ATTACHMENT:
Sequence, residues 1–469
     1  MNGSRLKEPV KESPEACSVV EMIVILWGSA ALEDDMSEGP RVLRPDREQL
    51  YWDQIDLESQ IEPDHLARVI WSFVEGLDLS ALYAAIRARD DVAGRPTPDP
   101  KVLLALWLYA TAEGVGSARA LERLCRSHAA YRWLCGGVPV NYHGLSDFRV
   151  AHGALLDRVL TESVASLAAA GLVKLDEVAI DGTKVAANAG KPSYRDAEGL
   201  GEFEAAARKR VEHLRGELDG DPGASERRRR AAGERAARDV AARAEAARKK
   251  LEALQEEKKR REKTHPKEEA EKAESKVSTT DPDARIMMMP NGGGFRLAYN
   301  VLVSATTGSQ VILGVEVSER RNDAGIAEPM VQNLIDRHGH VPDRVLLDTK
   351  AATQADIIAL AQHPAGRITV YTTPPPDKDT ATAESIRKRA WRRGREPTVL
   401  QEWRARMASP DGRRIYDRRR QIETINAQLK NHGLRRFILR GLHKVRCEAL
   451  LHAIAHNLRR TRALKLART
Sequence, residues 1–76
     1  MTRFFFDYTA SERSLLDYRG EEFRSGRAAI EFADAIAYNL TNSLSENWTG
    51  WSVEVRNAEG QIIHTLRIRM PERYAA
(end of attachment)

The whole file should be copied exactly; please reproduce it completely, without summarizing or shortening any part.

Sequence, residues 1–469
     1  MNGSRLKEPV KESPEACSVV EMIVILWGSA ALEDDMSEGP RVLRPDREQL
    51  YWDQIDLESQ IEPDHLARVI WSFVEGLDLS ALYAAIRARD DVAGRPTPDP
   101  KVLLALWLYA TAEGVGSARA LERLCRSHAA YRWLCGGVPV NYHGLSDFRV
   151  AHGALLDRVL TESVASLAAA GLVKLDEVAI DGTKVAANAG KPSYRDAEGL
   201  GEFEAAARKR VEHLRGELDG DPGASERRRR AAGERAARDV AARAEAARKK
   251  LEALQEEKKR REKTHPKEEA EKAESKVSTT DPDARIMMMP NGGGFRLAYN
   301  VLVSATTGSQ VILGVEVSER RNDAGIAEPM VQNLIDRHGH VPDRVLLDTK
   351  AATQADIIAL AQHPAGRITV YTTPPPDKDT ATAESIRKRA WRRGREPTVL
   401  QEWRARMASP DGRRIYDRRR QIETINAQLK NHGLRRFILR GLHKVRCEAL
   451  LHAIAHNLRR TRALKLART
Sequence, residues 1–76
     1  MTRFFFDYTA SERSLLDYRG EEFRSGRAAI EFADAIAYNL TNSLSENWTG
    51  WSVEVRNAEG QIIHTLRIRM PERYAA